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Deja Vu? __no Money, Zero Down, Avm's + No Appraisals "virus" Is Back

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Julio E. Sune Jr. (FL)

Senior Member
Joined
Jan 16, 2002
Professional Status
Certified Residential Appraiser
State
Florida

Terrel L. Shields

Elite Member
Gold Supporting Member
Joined
May 2, 2002
Professional Status
Certified General Appraiser
State
Arkansas
swordofDamocles_2.jpg
 

Meandering

Elite Member
Joined
Feb 26, 2006
Professional Status
Real Estate Agent or Broker
State
Pennsylvania
DEJA VU ????

http://www.miamiherald.com/news/business/real-estate-news/article155732859.html

"They were all the rage — then the scourge — of the housing boom and bust. Now they’re back, big time: Home mortgages that require tiny or zero-down payments from buyers"
==========================================================================================

They did the same with car loans.

Google DPA loans and witness two Forbes articles. One from 2008 and one from 2017.

.
 
D

Deleted member 134708

Guest
But what about risk?

Oh, no one and I mean no one actually cares about risk when it's not yours.

What do people care about when it's not theirs?

Growth, growth at any cost. And I mean any cost. If the cost is death, growth is still the answer when it's not yours.
 
D

Deleted member 134708

Guest
Here's how reality on realties terms works.

20% down for 3 years. You eventually run out of customers and growth. You find more growth.

15% down for 3 years. Ditto

10% down....ditto.

3% down...ditto.

-5% down. But boss, This will mean certain death of the company. Boss, "we need to show investors growth by any means"

Here's how textbooks work.

Customer satisfaction, safety to the consumer, safe lending habits, educated customers. Safety, safety and more safety by any means necessary.
 

Riick

Elite Member
Joined
Aug 14, 2007
Professional Status
Certified Residential Appraiser
State
Delaware
It's Deja Vu, all over again.

Realtors are busy scaring buyers that they will be frozen out of the bidding/market, and never ever be able to buy a house, if they don't pay OVER the asking price.
(Stupid Buyers, are effectivly not represented, as usual.)
Who TF do they think they're doing a favor for...
Whoops... stupid question,
Realtors are doing it to beat their competition, the other Realtorz.

*Sally Higheels Strikes Again*
 

Michael S

Senior Member
Joined
Mar 18, 2009
Professional Status
Certified General Appraiser
State
New Mexico
It's Deja Vu, all over again.

Realtors are busy scaring buyers that they will be frozen out of the bidding/market, and never ever be able to buy a house, if they don't pay OVER the asking price.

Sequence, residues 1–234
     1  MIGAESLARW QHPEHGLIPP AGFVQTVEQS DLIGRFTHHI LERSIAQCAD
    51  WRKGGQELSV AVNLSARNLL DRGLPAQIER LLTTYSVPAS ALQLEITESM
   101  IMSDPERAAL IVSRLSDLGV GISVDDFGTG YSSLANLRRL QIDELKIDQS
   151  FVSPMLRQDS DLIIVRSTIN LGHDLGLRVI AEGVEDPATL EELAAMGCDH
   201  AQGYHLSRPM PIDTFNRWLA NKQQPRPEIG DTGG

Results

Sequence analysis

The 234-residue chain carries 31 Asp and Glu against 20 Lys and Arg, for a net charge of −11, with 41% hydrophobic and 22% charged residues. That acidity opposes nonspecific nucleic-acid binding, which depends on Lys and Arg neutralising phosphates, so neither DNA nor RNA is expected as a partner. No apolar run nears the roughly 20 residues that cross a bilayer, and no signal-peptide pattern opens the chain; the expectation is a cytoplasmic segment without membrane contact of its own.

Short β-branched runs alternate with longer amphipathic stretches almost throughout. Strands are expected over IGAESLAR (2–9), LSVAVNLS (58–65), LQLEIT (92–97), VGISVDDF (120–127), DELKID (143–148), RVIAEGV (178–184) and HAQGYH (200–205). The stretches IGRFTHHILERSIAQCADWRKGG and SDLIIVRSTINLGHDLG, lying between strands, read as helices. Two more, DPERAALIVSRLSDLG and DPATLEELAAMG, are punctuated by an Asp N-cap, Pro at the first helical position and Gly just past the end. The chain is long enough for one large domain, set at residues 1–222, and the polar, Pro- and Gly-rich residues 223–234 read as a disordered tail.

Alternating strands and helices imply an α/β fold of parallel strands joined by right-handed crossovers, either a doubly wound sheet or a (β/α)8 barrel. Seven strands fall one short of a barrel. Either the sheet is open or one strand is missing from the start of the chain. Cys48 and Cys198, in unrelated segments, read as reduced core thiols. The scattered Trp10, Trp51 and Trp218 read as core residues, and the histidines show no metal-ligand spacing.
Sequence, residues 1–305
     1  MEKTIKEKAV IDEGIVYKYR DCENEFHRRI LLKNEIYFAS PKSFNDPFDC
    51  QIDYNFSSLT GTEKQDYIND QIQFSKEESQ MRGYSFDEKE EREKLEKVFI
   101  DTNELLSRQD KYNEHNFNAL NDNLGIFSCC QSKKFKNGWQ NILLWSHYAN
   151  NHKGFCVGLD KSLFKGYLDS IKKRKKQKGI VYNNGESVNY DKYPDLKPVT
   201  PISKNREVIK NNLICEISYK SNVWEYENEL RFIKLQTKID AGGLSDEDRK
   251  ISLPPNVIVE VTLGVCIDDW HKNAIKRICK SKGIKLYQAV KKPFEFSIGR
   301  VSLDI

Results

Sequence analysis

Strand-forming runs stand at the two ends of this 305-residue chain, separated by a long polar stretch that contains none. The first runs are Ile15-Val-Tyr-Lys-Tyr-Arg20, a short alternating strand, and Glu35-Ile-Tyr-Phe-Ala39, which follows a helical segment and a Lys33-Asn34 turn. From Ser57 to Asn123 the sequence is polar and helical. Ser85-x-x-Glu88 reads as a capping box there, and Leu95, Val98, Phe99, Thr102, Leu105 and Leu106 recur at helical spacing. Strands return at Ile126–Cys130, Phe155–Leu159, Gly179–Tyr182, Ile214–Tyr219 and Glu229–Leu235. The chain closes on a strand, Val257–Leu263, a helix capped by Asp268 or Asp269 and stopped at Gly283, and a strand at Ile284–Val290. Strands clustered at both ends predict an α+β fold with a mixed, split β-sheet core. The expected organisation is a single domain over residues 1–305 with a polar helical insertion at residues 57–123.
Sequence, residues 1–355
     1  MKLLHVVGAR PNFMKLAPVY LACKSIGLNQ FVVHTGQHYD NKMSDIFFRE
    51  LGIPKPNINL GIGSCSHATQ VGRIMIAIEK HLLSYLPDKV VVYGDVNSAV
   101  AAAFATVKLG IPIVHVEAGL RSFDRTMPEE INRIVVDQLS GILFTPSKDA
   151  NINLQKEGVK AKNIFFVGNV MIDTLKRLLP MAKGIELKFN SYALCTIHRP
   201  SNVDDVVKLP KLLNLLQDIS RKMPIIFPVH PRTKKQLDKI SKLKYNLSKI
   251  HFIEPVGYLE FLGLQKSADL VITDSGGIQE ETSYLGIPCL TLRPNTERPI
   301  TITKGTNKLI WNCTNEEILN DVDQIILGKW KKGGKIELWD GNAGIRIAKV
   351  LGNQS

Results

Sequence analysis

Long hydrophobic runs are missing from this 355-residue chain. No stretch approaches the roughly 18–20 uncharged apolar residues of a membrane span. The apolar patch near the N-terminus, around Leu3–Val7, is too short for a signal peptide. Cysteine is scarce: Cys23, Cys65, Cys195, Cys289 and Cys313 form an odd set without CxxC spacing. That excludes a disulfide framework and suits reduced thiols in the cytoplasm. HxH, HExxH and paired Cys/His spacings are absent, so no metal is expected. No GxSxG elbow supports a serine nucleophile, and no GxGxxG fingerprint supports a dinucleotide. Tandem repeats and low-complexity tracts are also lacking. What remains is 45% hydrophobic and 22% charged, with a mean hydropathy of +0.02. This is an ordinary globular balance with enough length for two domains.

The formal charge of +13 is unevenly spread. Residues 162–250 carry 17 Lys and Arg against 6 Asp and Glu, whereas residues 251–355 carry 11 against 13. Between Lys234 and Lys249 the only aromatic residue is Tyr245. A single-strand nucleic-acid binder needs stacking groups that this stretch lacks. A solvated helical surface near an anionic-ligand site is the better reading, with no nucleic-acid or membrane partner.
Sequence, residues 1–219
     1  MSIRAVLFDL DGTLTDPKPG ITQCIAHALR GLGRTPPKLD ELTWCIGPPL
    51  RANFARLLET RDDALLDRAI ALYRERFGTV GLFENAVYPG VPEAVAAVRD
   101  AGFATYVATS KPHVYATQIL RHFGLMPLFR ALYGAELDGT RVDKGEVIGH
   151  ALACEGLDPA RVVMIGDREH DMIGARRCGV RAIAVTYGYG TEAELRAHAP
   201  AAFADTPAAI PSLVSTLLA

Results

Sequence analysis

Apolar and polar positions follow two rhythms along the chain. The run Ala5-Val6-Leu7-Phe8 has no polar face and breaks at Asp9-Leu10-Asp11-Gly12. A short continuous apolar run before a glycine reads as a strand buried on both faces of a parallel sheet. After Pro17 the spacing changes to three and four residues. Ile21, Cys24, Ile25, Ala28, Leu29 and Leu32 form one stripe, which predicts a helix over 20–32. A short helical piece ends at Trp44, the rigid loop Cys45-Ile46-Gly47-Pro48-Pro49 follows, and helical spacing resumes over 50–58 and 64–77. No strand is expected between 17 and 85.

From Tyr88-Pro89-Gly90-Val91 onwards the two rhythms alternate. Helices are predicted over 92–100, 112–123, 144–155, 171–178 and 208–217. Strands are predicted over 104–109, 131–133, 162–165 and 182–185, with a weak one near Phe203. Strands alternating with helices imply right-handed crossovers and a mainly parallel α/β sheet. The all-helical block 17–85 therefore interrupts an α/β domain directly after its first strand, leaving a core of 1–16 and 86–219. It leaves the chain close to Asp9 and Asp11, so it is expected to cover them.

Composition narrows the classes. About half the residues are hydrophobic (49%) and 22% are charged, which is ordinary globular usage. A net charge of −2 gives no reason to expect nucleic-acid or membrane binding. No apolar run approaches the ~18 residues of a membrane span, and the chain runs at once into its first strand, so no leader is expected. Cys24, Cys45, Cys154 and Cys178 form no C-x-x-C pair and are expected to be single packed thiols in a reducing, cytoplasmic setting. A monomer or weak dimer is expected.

(Stupid Buyers, are effectivly not represented, as usual.)
Who TF do they think they're doing a favor for...
Whoops... stupid question,
Realtors are doing it to beat their competition, the other Realtorz.

*Sally Higheels Strikes Again*

Agent's and buyer's interests are not aligned. The buyer wants to purchase the best property at the lowest price. The agent wants the buyer to buy a property as quickly as possible (so they can move on to the next deal) at any price, preferably a higher price so they get a bigger commission. On the sale side it's not much different. The seller wants to sell for the highest price possible within a reasonable time frame. The agent want's them to sell as quickly as possible and the difference between $230,000 and $240,000 ends up being pretty miniscule once everybody gets their cut. 6% on $10,000 is only $600 but then the other agent gets half so it's down to $300 and then the office gets say another half and all of the sudden the agent is only motivated by $150 to sell your house for $10,000 more. Given the option between the sure sale at $230,000 that will close quickly and get them their commission and spending days or weeks to try and find a buyer willing to pay $240,000 which one do you think they'll pick. Which one will they convince the seller to pick?

That's not to say that there aren't any agents out there honestly looking out for their client's best interest - but the incentives are not really aligned.
 

Restrain

Elite Member
Joined
Jan 22, 2002
Professional Status
Certified General Appraiser
State
Florida
I was talking with a RE broker yesterday and the current financing trends came up. Te broker agreed that we were trending back to what got us into the 2006-2008 mess again. If brokers can see this and be worried, then the only ones not concerned are those who are supposed to be regulating lending to keep 2008 from happening again, but are not doing their job.
 
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